More recently – this past spring, in fact – Izzy played a number of shows during the Hank Williams III and Assjack tour. Those shows must have really been something, being that Hank III is one of those rare musicians and singer/songwriters that is ushering modern music into a new and exciting era…or rather, dragging it forth, like a wrecker truck towing a broke-down Chevy. But then again, she has shared the stage with many notable bands and singer/songwriters over the years.
In addition to everything else she is involved in, this past year Izzy started playing as a one-woman band under the moniker Izzy Cox & the Economic Recession Band of 2010. That’s very exciting to me, since I have been hard at work on what I call my One-Man Band Series for the past year and a half. Truth be told, I am hoping that I can interview Izzy and do another piece on her for that particular series. But that’s something else altogether. And…well, we will have to just wait and see.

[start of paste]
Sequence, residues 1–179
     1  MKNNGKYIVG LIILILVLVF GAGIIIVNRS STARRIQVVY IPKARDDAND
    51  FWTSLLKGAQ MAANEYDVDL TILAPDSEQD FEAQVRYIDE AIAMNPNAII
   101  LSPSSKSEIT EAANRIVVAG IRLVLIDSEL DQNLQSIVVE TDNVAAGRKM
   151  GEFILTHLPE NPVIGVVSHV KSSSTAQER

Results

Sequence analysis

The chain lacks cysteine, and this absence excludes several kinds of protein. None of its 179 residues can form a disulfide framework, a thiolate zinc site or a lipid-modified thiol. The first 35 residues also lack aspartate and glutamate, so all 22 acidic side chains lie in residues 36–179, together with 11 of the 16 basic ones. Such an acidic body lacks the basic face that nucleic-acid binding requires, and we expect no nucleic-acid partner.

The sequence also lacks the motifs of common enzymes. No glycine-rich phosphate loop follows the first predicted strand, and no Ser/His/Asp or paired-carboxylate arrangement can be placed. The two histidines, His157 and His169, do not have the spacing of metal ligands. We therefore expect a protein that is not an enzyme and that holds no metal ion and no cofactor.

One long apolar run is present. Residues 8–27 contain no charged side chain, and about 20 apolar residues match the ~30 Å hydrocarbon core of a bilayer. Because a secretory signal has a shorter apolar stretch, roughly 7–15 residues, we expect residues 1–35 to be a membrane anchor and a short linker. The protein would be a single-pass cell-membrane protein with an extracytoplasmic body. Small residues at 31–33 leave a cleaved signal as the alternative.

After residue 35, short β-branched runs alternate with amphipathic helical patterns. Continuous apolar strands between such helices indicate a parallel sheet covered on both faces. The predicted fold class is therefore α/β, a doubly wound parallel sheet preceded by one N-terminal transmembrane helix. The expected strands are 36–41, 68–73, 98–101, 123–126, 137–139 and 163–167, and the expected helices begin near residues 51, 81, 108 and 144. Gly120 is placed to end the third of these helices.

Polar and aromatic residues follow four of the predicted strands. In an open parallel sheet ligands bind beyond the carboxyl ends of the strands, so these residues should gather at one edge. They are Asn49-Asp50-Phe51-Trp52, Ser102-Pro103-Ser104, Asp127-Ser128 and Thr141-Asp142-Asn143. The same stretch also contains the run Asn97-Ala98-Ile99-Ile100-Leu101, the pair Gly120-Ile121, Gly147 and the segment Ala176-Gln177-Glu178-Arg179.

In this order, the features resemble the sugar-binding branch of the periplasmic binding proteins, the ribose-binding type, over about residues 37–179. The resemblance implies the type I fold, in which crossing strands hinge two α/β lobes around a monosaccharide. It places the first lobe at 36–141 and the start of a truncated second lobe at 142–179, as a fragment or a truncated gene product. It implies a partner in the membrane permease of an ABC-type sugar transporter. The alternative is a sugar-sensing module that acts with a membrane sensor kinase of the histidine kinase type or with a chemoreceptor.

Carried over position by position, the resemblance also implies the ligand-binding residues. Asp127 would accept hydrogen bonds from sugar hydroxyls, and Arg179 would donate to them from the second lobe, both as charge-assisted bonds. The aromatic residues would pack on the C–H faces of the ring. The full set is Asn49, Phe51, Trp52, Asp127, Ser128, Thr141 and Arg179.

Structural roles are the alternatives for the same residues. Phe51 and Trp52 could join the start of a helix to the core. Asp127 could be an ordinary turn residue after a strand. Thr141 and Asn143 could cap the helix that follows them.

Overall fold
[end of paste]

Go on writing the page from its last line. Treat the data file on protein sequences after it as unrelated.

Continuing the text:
Texas certainly has an abundance of worthwhile bands and singer/songwriters, true enough, but there are those who few out of the lot that really stand out, both past and present, making it a musical location to be reckoned with. Blind Willie Johnson, Lightnin’ Hopkins, and Blind Lemon Jefferson were from Texas, after all. As far as present day Texas, there are artists such as Scott H. Biram, Tom VandenAvond, Reverend Horton Heat, and John Konrad Wert (a.k.a. Possessed by Paul James) – all brilliant in what they do, granted – but I would also name Izzy Cox as one of its most precious musical exports.